Where the modern biography – and even the notion of a profile – gets interesting is when one has a negative bit, a fact or factor that might be construed as bringing the person’s reputation into question. Take Martin Heidegger for example.  His links to the German Nazi movement are often pointed out when commenting on his work and assessing its credibility; not all commentators will reference the matter, but there is no surprise when the connections are discussed.  In a very different field we have the example of Richard Wagner and how Jewish feeling against him and his music can be very strong because of particular features of his profile.

The ‘modern’ way to manage this sort of thing is to actually put it out there early  to acknowledge the difficult bit, and not attempt to hide it. Where a person offers a profile and later a difficult bit surfaces, one’s audience feels ‘wronged’ somehow, the reaction against the person can be very strong. What I am saying here is that, in our modern ways of thinking and behaving, we seem to have shifted what we consider privacy involves. One gets the feeling that, for a celebrity, privacy is simply not something this person has a right to.  The profile of the sex offender is actually a kind of modern-day criminal celebrity.

To date, Stephen Fry has published three books that make up his ongoing narrative about himself. It is more memoir than biography. It is my belief Fry has rightly understood how this is all done.  Pulling no punches, his latest volume – More Fool Me – details his use of cocaine as a younger man, putting out so much ‘stuff’ for us to consume that it seems like oversupply, a surfeit.  In a sense we are shock-proofed regarding who he is as a person. I had considered buying Fry’s latest book about himself but after reading the reviews I am reluctant to do it because it all seems just too much. I argue it is this rather novel way of  putting himself out there that has allowed him to retain his on-going social and cultural position as ‘the darling of modern England’ and at the same time self-narrate himself as an admirer/lover to another who is very much his junior. A classic case of “still breaking rules, but that’s okay”.

I will close this post by making a brief comment on the inquiry Justice Lowell Goddard has been set up to lead. Goddard is not the first person to be put in this role, the first two leaders having been obliged to resign. What is significant is the new feature this body has – statutory powers to compel a person to appear before it and answer questions. In America’s past Joseph McCarthy and his links to the House Un-American Committee have become an icon for what can be called state ‘over-reach’. I can imagine the notion of loyalty to America and the stigma of being thought ‘a danger to the American dream’ is not too far from what the modern day call to rally around the flag of the fight to oppose sexual abuse of children has come to be for us. I am, of course, not wishing to denigrate national loyalty to one’s country – in this case America – any more than appear to be dismissive about the need to address how children can be treated terribly by adults. It is my perception that England is very much in the grip of a process that is a very serious indeed. It is my hope, of course, that the statutory powers this current inquire now has will be exercised with care. The last thing we need is for the specter of Joseph McCarthy to walk amongst us.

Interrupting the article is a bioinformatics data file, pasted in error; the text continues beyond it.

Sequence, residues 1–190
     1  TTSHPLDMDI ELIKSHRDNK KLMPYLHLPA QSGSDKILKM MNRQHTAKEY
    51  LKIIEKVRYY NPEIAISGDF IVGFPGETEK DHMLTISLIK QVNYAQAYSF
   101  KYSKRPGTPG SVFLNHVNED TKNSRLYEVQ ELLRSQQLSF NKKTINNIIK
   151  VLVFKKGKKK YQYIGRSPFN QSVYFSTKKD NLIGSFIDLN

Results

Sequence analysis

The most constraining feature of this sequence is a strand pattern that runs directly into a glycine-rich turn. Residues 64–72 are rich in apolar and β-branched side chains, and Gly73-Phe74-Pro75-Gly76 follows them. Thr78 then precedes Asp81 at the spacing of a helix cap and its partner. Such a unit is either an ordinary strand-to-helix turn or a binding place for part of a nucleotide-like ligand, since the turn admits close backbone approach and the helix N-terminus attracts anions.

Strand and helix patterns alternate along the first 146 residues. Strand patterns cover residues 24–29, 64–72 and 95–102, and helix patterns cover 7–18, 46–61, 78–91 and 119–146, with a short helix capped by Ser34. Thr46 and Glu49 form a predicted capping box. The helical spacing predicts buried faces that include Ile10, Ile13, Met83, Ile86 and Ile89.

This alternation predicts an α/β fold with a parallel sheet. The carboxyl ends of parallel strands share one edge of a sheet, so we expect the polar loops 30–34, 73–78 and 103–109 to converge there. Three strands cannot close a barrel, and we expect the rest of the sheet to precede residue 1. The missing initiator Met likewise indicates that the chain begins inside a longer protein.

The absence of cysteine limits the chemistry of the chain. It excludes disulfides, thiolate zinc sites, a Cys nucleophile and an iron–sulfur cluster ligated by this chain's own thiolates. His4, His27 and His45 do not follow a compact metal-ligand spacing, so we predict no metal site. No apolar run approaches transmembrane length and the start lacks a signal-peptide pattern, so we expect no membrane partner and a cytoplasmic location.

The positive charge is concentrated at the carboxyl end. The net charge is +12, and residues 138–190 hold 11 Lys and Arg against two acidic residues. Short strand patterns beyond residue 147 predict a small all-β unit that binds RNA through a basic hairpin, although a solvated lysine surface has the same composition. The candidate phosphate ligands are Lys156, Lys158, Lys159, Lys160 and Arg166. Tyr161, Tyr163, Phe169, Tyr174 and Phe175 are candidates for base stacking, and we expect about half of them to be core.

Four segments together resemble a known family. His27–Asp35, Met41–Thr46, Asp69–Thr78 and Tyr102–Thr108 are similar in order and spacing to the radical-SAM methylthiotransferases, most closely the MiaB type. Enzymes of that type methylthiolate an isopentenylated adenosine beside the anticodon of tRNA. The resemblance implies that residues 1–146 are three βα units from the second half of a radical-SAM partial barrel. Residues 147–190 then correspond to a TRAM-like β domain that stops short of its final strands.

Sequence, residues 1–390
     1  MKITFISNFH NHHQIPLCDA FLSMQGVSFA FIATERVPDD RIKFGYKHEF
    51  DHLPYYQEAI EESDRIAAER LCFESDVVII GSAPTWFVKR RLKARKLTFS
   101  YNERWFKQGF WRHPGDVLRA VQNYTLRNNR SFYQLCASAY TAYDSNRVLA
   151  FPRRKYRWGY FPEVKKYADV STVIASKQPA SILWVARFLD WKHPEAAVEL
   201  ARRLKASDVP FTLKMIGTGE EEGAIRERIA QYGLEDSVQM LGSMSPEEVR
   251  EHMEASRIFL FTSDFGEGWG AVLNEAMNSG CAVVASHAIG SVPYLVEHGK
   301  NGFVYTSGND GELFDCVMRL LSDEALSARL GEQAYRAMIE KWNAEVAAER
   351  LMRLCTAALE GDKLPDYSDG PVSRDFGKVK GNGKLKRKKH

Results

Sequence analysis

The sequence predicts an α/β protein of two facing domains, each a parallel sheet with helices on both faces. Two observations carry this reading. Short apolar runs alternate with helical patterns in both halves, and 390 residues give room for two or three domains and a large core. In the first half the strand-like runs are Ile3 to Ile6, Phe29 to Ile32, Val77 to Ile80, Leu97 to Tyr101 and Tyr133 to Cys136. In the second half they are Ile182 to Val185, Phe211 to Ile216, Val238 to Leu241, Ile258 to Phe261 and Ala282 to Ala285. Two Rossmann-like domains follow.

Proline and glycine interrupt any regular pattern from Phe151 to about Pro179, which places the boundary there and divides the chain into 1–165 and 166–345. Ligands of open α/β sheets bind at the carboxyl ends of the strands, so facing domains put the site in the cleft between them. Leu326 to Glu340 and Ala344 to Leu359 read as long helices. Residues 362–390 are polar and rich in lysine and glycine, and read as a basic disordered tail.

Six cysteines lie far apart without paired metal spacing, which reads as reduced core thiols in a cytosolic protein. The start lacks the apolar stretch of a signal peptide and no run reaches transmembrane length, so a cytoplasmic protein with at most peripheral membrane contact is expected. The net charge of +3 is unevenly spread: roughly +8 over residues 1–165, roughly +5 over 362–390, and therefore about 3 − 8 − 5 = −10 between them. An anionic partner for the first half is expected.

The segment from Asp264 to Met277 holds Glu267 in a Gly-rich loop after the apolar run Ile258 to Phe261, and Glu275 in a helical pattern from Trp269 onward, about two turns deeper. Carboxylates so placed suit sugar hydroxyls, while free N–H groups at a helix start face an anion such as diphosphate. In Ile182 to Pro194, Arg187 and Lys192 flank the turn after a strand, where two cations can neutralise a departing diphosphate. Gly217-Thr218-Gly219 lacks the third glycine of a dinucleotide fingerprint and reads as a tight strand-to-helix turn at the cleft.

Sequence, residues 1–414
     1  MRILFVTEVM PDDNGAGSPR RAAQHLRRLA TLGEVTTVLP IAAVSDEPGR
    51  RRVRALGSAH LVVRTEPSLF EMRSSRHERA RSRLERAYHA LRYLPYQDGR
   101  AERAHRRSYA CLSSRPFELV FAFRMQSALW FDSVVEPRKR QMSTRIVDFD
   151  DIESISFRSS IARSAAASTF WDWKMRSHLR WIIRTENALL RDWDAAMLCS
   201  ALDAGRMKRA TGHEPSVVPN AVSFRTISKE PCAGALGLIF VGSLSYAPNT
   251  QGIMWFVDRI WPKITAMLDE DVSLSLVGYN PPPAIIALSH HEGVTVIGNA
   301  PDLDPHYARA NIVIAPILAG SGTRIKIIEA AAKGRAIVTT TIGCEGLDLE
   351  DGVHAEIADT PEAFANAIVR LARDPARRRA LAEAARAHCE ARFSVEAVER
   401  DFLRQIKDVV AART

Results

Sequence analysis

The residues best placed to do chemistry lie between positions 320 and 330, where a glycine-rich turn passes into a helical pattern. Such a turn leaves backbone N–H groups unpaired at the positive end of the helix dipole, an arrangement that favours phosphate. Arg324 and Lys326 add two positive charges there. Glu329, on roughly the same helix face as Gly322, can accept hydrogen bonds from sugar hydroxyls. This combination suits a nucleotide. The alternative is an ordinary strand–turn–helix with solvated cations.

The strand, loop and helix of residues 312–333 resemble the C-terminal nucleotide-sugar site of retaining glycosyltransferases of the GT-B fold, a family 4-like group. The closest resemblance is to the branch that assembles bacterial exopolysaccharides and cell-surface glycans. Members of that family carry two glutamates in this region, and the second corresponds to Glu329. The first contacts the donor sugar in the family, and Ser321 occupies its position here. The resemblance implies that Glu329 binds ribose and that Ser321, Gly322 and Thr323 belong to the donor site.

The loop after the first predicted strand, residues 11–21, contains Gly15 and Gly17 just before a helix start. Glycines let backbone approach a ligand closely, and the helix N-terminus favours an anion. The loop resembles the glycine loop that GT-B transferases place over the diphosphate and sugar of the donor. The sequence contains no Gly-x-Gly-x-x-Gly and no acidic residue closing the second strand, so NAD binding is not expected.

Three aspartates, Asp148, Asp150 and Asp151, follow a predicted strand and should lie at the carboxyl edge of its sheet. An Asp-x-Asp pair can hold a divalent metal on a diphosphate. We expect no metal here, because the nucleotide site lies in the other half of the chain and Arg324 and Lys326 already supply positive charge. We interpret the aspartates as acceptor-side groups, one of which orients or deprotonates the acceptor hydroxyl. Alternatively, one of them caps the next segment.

Justice Lowell Goddard is one of sixty three New Zealand judges who have been ranked in 2014 and the results posted on the Kiwi First website.  What follows are comments that flow from three items found on this site.

  • The first article offers its version of how that ranking of New Zealand judges was done – “… sixty-three judges in total were ranked, based upon their melded average score of four factors, on a scale of 1 to 10; perceived intelligence, fairness, knowledge of law and personal character.” What is noteworthy is Goddard sits at the lowest slot on that list.
  • In another piece on the same Kiwi First website Goddard is profiled and the picture is far from comforting. It seems best a reader go look at what is said for themselves. What seems a common perception of her is put in this sentence found on the site – “Lawyers who appear before Justice Lowell Goddard generally have little regard for her as a judge who is willing to conform to law or to rule consistent with relevant facts.  They are far more impressed with her impeccable dress and makeup.”
  • The most damning statement, and the author of this web item links what is said directly to the new appointment of Justice Goddard to the UK role, the comment is made –”her due diligence determined lawyers in New Zealand broadly consider Ms Goddard a political puppet.”

Justice Goddard is presented by some in very different images in the media items that come to us via our televisions and the radio. That is on its own a real source of concern. If the internet can offer such a significant set of criticisms of her and yet the mainstream media are silent on any of this then I find myself asking why. This move in England to set up this inquiry is significant and I am convinced a thoughtful and critical eye needs to be kept on what unfolds.

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2 thoughts on “Still breaking rules, but that’s okay

  1. Pingback: It’s all been happening out there | Heretic TOC

  2. Pingback: Loosening grip – a breath of air | take a risk nz